Sunday, April 21, 2024

THE LOWDOWN: The big picture

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Astute readers will have noticed of late that this writer seems loath to stick to his topics, instead jumping here and there into unrelated trivia. This is due to his imminent demise. Writers about to demise, like football teams crashing out of the World Cup, make desperate efforts not to miss any scoring opportunity in their dying minutes. Actually, this writer has no empirical evidence of his impending departure. He has visited no doctor in recent years, has no aches or pains, sluggishness of bowel or lethargy of the tom-pigeon. He doesn’t even know what “empirical” means. But helpful hints from those around him leave little doubt that the end is near.On a drive through Shorey Village with my grandson recently, for instance, a lady queried: “Raffie, you goin’ take over the farm when granddad gone?” An occasional helper was even more reassuring. “When you dead”, he told me a few days ago, “I goin’ come an’ help out your wife”. Raffie himself wondered aloud who would fix him “great eggs” when granddad died. And nowadays “after you’re gone” seems to come up a lot in family discussions. Way to go, people!So be it! For the sake of completeness, let me throw in a few observations on education which got dumped last week. I’m big on primary education. Would put my best teachers there to make sure every child got a good grounding in English and basic mathematics. It is nothing short of criminal, in my opinion, that Barbadian children should leave school at 14 to 16 who cannot read a simple sentence. Some of these are extremely talented individuals. How did they slip through the cracks?At the primary school my children attended, parents were asked to volunteer to sit with individual students and hear them read. A rewarding activity for both reader and readee and it freed up the teacher’s time to get on with other things. It also provided an opportunity to identify those with problems at an early age.By the way, has it not struck our educators that Barbados did not go metric? That, despite efforts to ram it down our throats, we still buy 2 x 4s, 6 inch blocks and half-inch pipe. And the metric students they are turning out find themselves looking like jackasses to semi-literate tradesmen. Not only that. They can’t at a glance comprehend the tons of information in the literature which still uses imperial measurements.My generation learned both systems. I use both with equal facility often on the same project. Moreover, I knew yards, feet and inches before I went to Harrison College at age nine. It is nothing big. For God’s sake, teach the children!Three examples of our modern graduates: a youth at a leading store argued strongly with me that a steel bar (about 19 feet long) could not be cut into four equal lengths. Another apprentice youth, when asked to cut a piece of steel eight inches long, came back and said, “Boss, see if this 8 inches long enough or you want a longer eight inches”.And two sisters, measuring up for curtains, confused inches, feet and yards and nearly bought enough material to surround Kensington, including the sight screen and press box. One sister, by the way, is a relatively recent Barbados Scholar.My point here: let education have some relevance. Five-year-old Raffie isn’t being taught inches. But he came home asking about “homo-phones”. I nearly flipped. I figured “homo-phones” were cellphones that vibrate automatically when shoved into a male back-pocket. Apparently, they’re not.Anyhow, I’ve done it again, come to the end of the column without dissing co-education or touching the “big picture” which was supposed to be today’s topic. But I refuse to chop and change. If I’m gone before next week, too bad.Two quick ones: was it the Loch Ness Monster that emerged from the pond at Codrington College last Saturday, festooned with slime and duck poop? Or yet another Barbados Scholar?Finally, every time I touch Bjorn Bjerkhamn’s wood, my fingers swell to twice the size, stiffen and won’t bend for over an hour. Ms Carter at Northern Lumber tells me he uses ACC or ACQ wood treatment. We may be on to something big here. More later.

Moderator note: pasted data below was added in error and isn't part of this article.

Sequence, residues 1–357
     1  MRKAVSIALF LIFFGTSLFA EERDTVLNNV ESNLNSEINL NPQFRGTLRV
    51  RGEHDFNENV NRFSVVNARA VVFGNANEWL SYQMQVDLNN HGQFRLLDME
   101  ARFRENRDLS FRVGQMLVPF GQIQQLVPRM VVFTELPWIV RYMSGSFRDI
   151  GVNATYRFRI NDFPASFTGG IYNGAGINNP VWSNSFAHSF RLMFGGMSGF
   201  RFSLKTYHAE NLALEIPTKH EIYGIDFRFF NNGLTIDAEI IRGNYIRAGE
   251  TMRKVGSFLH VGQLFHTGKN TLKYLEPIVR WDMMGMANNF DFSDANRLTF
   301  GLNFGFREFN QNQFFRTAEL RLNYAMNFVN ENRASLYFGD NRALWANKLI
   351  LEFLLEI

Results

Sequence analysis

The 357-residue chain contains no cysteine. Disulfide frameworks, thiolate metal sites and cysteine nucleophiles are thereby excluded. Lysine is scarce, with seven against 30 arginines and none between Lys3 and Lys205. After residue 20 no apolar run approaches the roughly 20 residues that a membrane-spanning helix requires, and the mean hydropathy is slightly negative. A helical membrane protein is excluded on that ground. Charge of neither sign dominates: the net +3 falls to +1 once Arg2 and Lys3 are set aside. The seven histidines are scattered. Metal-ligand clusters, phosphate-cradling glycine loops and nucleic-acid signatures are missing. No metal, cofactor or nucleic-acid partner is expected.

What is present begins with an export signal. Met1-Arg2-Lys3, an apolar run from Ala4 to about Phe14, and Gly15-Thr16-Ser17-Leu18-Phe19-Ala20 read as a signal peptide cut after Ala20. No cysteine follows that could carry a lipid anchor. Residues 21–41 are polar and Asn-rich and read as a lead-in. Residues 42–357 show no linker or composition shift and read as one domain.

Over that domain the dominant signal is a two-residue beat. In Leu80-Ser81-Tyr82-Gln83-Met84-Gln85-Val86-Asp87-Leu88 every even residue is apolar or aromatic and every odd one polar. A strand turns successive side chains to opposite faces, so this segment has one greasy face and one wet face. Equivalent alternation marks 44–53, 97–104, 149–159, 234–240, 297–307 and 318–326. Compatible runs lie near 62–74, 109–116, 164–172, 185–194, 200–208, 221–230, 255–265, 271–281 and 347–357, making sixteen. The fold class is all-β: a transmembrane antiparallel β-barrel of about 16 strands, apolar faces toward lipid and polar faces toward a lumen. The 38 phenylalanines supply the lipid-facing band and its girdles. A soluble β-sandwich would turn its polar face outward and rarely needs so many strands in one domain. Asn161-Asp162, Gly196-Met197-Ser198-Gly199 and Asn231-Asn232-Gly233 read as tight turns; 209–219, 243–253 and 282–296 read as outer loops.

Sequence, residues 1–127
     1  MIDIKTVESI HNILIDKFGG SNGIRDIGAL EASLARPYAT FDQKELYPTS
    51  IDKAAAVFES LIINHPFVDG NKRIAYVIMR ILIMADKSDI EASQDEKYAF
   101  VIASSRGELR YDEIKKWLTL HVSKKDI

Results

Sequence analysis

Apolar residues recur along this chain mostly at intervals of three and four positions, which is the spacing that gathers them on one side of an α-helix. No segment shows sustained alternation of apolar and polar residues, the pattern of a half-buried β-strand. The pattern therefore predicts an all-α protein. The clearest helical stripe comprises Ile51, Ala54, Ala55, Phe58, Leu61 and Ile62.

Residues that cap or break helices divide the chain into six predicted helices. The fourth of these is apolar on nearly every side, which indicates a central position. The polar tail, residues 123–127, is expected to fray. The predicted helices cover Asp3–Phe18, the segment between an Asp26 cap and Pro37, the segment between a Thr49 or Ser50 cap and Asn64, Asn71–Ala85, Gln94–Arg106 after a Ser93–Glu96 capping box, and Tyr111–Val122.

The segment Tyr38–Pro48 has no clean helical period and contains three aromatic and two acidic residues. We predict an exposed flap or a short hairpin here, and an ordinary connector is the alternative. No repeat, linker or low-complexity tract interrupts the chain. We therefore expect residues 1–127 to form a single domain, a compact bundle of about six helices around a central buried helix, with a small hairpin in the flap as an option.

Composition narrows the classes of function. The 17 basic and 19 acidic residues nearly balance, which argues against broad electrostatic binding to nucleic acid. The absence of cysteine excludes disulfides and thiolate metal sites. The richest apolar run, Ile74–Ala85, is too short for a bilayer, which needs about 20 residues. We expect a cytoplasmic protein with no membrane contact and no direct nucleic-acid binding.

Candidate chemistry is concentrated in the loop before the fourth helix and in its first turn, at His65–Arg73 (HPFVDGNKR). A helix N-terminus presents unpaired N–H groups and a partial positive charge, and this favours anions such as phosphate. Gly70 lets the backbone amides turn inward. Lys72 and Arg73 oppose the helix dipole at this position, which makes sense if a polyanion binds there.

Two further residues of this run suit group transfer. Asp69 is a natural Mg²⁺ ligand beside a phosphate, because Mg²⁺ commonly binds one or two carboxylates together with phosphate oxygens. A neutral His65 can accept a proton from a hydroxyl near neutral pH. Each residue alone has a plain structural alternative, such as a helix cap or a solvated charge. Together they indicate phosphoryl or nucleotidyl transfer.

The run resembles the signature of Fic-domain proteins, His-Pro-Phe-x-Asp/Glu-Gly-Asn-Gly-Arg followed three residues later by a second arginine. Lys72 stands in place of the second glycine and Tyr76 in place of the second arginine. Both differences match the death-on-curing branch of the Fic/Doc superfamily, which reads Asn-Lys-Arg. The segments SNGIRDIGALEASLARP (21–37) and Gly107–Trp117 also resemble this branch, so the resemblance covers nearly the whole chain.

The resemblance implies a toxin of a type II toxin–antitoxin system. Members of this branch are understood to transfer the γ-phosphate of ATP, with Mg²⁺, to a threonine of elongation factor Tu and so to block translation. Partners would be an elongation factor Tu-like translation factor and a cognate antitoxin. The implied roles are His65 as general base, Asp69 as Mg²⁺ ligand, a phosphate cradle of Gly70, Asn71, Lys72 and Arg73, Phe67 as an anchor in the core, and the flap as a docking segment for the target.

• Richard Hoad is a farmer and social commentator.

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